Explore different physiotherapy specialities – Part 2

December 8, 2014

Article by Global Pre-Meds
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Clinical electrophysiology

This speciality involves using electrodes on the body for therapeutic purposes. As a clinical electrophysiologist, you will deal with two very different patient demographics. Most patients who you work with will be individuals who are highly active and whose lifestyles or work conditions have led to disorders. The other patient demographic you will work with are individuals who have experienced a higher degree of trauma, such as war veterans, car accident victims or casualties of a natural disaster.

Some of the common diagnoses you will encounter in this speciality include carpal tunnel syndrome, nerve compressions, trauma victims and accident victims.


A Gap Medics student brings a smile to the pediatrics ward in TanzaniaWorking as a paediatric physiotherapist requires highly specialised skills and techniques. Young patients have special requirements. Their physiotherapy and general healthcare plans need to be continuously updated in keeping with their on-going growth and development. Younger children need consistent and continuous help in several areas depending on their mobility restrictions as well as their growth stage. Some of the responsibilities of a paediatric physiotherapist include increasing fitness levels, improving coordination, developing gross and fine motor skills and building strength. You will also be responsible for early detection of physical issues to ensure the best treatment outcome.

Common conditions you will be treating in this speciality include developmental delays, spina bifida and cerebral palsy.


Women’s health

Women have distinctly different needs in many areas of medicine including physiotherapy. Women’s health physiotherapists are specially trained in the many nuances of women’s healthcare and therapy. If you become certified in this speciality, part of your responsibility would include assessing and treating women across all ages and in all stages of life.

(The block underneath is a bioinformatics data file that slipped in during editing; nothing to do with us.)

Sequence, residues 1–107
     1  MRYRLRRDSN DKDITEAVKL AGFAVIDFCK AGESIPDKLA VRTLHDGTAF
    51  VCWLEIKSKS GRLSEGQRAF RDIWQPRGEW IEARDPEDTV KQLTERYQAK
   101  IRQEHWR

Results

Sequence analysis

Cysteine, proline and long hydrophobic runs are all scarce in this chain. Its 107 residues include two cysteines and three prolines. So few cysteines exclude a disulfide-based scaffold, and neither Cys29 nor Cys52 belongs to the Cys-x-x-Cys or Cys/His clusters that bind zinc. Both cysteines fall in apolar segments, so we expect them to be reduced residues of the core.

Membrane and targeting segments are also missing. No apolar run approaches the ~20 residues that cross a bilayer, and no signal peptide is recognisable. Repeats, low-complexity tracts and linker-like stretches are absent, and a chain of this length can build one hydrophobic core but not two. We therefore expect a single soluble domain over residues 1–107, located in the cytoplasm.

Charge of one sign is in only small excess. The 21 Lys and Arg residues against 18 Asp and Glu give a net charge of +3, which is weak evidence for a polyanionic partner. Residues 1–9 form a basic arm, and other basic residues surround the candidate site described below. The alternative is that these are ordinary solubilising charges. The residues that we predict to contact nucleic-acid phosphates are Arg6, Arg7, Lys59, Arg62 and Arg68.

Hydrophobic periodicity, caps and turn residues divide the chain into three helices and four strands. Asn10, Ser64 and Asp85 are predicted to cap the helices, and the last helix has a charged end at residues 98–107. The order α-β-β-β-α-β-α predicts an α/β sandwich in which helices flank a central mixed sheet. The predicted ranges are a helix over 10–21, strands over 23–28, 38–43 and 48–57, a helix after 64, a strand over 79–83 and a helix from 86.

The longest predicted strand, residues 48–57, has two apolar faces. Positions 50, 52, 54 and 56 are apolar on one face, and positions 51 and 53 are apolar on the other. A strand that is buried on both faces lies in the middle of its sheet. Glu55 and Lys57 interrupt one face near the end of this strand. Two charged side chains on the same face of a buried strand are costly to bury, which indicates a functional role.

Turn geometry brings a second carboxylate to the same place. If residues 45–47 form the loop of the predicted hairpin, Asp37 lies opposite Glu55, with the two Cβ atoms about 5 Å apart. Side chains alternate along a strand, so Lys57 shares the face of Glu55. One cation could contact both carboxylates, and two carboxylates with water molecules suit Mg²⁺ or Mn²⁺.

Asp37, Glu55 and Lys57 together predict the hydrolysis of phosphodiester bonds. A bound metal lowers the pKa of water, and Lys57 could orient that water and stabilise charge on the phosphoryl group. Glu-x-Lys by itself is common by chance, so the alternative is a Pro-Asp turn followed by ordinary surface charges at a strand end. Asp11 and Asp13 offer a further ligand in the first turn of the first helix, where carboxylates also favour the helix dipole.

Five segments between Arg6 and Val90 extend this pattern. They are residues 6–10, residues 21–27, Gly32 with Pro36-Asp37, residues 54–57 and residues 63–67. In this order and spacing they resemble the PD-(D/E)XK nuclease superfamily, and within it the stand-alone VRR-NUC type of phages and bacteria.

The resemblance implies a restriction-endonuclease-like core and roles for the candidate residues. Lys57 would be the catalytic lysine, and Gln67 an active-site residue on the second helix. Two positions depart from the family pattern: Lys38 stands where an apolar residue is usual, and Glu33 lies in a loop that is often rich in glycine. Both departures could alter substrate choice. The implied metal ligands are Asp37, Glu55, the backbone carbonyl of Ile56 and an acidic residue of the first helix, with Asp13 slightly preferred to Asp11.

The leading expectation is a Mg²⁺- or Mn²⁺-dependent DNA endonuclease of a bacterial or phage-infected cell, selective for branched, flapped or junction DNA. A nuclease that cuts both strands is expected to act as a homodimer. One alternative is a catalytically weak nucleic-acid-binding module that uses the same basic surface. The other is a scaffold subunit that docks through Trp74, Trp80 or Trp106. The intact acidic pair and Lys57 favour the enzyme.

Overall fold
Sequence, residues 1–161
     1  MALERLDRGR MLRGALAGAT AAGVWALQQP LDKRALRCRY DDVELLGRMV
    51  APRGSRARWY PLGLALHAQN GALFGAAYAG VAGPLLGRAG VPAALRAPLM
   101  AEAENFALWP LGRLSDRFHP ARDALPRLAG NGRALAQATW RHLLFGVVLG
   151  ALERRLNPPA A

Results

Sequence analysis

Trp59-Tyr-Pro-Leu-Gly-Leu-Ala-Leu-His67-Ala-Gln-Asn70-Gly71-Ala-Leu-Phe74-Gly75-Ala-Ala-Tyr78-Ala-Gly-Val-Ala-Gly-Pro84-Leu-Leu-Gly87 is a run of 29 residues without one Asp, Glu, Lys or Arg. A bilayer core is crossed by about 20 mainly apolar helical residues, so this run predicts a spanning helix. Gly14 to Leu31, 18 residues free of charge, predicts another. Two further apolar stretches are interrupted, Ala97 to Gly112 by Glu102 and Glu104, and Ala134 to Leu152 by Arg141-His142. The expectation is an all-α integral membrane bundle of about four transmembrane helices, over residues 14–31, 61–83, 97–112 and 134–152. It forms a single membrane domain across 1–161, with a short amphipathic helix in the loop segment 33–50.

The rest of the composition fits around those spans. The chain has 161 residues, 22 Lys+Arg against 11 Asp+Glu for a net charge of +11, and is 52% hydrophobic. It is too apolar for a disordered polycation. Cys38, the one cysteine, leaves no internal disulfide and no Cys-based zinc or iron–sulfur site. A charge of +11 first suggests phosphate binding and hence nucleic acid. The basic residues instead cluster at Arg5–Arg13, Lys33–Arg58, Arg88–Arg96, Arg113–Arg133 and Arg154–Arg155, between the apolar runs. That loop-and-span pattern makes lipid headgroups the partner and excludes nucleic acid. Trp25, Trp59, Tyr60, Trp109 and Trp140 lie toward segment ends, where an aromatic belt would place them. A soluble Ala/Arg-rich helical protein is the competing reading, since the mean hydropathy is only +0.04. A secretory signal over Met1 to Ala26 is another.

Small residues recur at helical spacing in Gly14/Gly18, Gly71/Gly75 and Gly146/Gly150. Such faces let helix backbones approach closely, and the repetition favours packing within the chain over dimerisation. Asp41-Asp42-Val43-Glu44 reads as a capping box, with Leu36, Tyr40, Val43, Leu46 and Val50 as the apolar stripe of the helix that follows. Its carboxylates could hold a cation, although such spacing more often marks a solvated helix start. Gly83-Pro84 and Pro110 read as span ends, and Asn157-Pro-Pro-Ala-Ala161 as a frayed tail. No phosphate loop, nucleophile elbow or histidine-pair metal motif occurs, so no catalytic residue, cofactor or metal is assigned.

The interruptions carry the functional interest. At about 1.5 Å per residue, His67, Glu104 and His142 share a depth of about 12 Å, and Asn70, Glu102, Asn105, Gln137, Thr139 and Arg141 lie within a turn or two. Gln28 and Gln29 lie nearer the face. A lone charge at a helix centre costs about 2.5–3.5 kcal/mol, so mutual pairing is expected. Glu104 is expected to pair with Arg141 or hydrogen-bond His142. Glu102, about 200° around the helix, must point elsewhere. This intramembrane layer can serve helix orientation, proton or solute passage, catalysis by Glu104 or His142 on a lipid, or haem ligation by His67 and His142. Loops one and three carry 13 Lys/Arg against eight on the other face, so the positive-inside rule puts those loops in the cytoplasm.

Common diagnoses you will encounter in this speciality include prenatal and postpartum depression, osteoporosis, pelvic pain, lymphedema and urinary incontinence.


A geriatric physiotherapist helps elderly patients work towards alleviating their discomfort, restoring mobility and increasing activity levels in order to be more independent and live a better quality life.

Osteoporosis, arthritis, cancer and incontinence are some of the more common conditions you will treat in this speciality.

Qualification and training requirements

To practice as a physiotherapist in the UK, you must meet two mandatory requirements as laid down by the Health and Care Professions Council (HCPC):

  1. You must complete an HCPC approved programme in physiotherapy
  2. You must register with the HCPC

Here are some of the HCPC-approved physiotherapy programmes:



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Gap Medics provides year-round hospital work experience for people aged 16 and over. Our shadowing placements offer a unique insight into the work of doctors, nurses, midwives, and dentists – helping students to focus their career aspirations before embarking upon medical training.